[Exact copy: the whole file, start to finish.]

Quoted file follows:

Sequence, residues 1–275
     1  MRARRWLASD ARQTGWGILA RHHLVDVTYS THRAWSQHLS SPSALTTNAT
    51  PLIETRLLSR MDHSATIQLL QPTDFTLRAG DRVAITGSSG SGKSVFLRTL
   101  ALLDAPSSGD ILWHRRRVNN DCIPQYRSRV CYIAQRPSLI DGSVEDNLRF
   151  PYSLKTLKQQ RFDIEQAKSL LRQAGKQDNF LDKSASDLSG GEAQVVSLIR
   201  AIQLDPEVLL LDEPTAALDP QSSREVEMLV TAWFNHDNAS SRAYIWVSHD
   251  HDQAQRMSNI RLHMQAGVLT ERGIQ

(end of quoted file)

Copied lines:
Sequence, residues 1–275
     1  MRARRWLASD ARQTGWGILA RHHLVDVTYS THRAWSQHLS SPSALTTNAT
    51  PLIETRLLSR MDHSATIQLL QPTDFTLRAG DRVAITGSSG SGKSVFLRTL
   101  ALLDAPSSGD ILWHRRRVNN DCIPQYRSRV CYIAQRPSLI DGSVEDNLRF
   151  PYSLKTLKQQ RFDIEQAKSL LRQAGKQDNF LDKSASDLSG GEAQVVSLIR
   201  AIQLDPEVLL LDEPTAALDP QSSREVEMLV TAWFNHDNAS SRAYIWVSHD
   251  HDQAQRMSNI RLHMQAGVLT ERGIQ